foreign missionary work. Besides, the Pastoral Epistles in the 
original are minutely analysed and fully interpreted. 

IV. Sacred Rhetoric. 

Lectures are delivered upon this branch of study, which are 
supplemented (on separate days) by a close examination of the 
principles of Rhetoric proper, with the aid of the latest edition of 
"Whately as a text -book. In addition, the analysis, with elabo- 
rate explanations, of portions of the Scripture, with the view of 
aiding the Student to a correct view of the homiletic art and of 
expository preaching, constitutes one of the regular recitations. 
Sermons are also delivered memoriter in the presence of the 
Professor in charge; also original pieces are declaimed for direct 
improvement in oratory, and debates are engaged in for readiness 
in extemporaneous speech; all of which exercises are carefully 
criticised. 



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V. Natural Scienoe. in connexion with Revealed Religion 

In tlii- department, instruction ia given exclusively by lectures. 
It embraces the Natural History of the Bible ; Geology, Astron- 
omy, and other branches of Natural Science, as Sir as they have 
any real or supposed connexion with Revelation; and also Ar- 
chaeology and Chronology. During the Senior year, the ques- 
tion of the Unity of the Human Race is fully examined. 

VI. Didactic Theology. 

In this department, each leading topic is introduced to the 
minds of the classes by one or more lectures. Continual refer- 
ence is had to the best writers on cadi topic. One day in the 
week is Bet aside for conversation <»n the matters already lt* -j > t ■ 
over, and to the reading of short essays on subjects previously 
grned. Proof texts arc constantly required on points of Re- 
vealed Theology. 

VII. Polemic Theology. 

This is a distinct branch of study, and claims special attention 
one day cadi week. For about half the Session it is taught by 
Lecture-, afterward- each Student reads an essay on Borne con- 
troverted matter which had been previously assigned to bim, and 
the whole class is interrogated on the course of Btudy pursued. 
Stapfer and Hill are often referred to; but no one text-book is 
adopted. The course embraces all the topics fairly belonging t<» 
the subje 

VIII. Mental and Moral Science. 

A brief course in this branch of knowledge belongs to the close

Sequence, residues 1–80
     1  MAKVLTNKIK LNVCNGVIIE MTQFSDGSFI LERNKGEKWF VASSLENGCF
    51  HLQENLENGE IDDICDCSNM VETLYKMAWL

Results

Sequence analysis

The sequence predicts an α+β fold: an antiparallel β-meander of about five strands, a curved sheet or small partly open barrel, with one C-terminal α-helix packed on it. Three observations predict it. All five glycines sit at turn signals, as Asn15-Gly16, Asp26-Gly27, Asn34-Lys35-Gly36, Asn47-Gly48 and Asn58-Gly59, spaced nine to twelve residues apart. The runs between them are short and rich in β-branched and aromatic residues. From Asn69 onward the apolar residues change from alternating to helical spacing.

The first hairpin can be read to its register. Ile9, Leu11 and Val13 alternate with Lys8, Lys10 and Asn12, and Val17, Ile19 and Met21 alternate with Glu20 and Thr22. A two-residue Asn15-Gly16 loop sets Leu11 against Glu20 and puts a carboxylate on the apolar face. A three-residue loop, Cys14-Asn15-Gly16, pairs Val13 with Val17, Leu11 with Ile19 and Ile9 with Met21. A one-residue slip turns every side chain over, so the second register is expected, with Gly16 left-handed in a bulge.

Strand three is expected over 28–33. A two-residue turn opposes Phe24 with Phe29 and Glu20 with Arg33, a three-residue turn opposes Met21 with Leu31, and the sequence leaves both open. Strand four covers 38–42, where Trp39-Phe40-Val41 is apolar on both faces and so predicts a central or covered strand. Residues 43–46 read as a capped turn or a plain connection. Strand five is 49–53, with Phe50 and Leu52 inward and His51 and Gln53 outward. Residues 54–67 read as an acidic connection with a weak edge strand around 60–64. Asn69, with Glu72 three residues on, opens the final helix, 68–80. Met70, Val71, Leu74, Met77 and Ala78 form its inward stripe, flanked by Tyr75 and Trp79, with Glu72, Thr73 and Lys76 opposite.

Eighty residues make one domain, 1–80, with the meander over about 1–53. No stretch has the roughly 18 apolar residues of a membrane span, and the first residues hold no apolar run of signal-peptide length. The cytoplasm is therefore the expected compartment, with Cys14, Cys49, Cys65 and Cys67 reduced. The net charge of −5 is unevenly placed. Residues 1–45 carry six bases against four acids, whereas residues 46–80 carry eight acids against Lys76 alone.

of the Junior year. It- chief object is to revive knowledge pre- 
viously acquired, and to render it certain' tlmt the Professor and 
Students will use term- in the same sense during the Theol 

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CATALOGUE. 

FOURTH YEAR'S COURSE. 

For those who prefer to extend their studies through a longer 
term, the following additional course is arrranged for a Fourth 
Year: 

Study of the Hebrew and Greek Scriptures continued; Com- 
parative Semitic Philogy; Church History continued to the 
present period ; Ecclesiology ; Characteristics of the most emi- 
nent and successful Preachers of the Gospel; Theology contin- 
ued; Contributions of Science to Natural Theology and Illustra- 
tion of Scriptures. 



Instruction may also be obtained in the city in the French, 



German, It 



aiian, a 



nd Spanish languages. 



PROFESSORS' COXFEREJYCE. 

Thursday evening is occupied by the Professors in familiar 
conference before the Students, upon personal piety, the best 
plan and method of study, and kindred topics. 



BUILDINGS. 

These are neat and commodious. The Central Building is 
devoted to the Library and other public purposes. Law Hall 
and Simons Hall were planned especially for the comfort of the 
Students, and are supplied with the most necessary articles of 
furniture. 



LIBRARY. 

The Library of the Seminary, to which the extensive and 
choice Library of the Rev. Dr. Smyth, of Charleston, was added 



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Borne years ago, no\> embraces 18,871 volumes. Besides tl. 
the private Libraries of the Professors are large and valuable. 
The use of the University Library is also extended, by courti 
to tli*- [nstructors of the Seminary, a collection of lti*« :i t value, 
and now amounting to more than 25,000 volumes. 



EXPENSES. 

The Board and Washing of a Student residing in the Semina- 
ry amount to from one hundred and thirty to one hundred :m<l 
fifty dollars per annum. The Institution h tabh founda- 

tion, and no charge is made for room-rent, tuition, or use of 
Library. Provision is also made for the support of Students 
w liu are in need <>f aid. 



ECCLESIASTICAL RELATIONS* 

The Seminary, formerly related to the three Synods of South 
< Carolina, l, and Alabama, is now under the control of the 

ril Assembly of the Presbyterian Church in the United 
States. 



LOCATION. 

The Seminary is pleasantly situated in the city of Colombia — 
;i place remarkable for health, the capital of* the Si S ath 

lina, theseatofthe University and other public [nstitul 
of - by railways, which are connecting it more and 

more with other portions of the Smith and Southwest, and makii 
it easy of access from any part of the United S 

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CATALOGUE. 



FORM OF BEQUEST, 

The Seminary is incorporated by the Legislature of South 
Carolina under its original name, and the proper form of a bequest 
would be as follows : 

" To the Board of Directors of the Theological Seminary of the 
Synod of South Carolina and Georgia, to them and their succes- 
sors, I give and bequeath the sum of , (or, devise a certain 

parcel or tract of land, etc.,) to be applied by them to the uses 
and benefits of the Seminary." 

Testators will do well to have respect to the laws of the State 
in which they reside. The State of South Carolina requires 
that a last Will and Testament be signed by the testator in the 
presence of three witnesses. 



The next term will begin on Monday, September 20, 1875.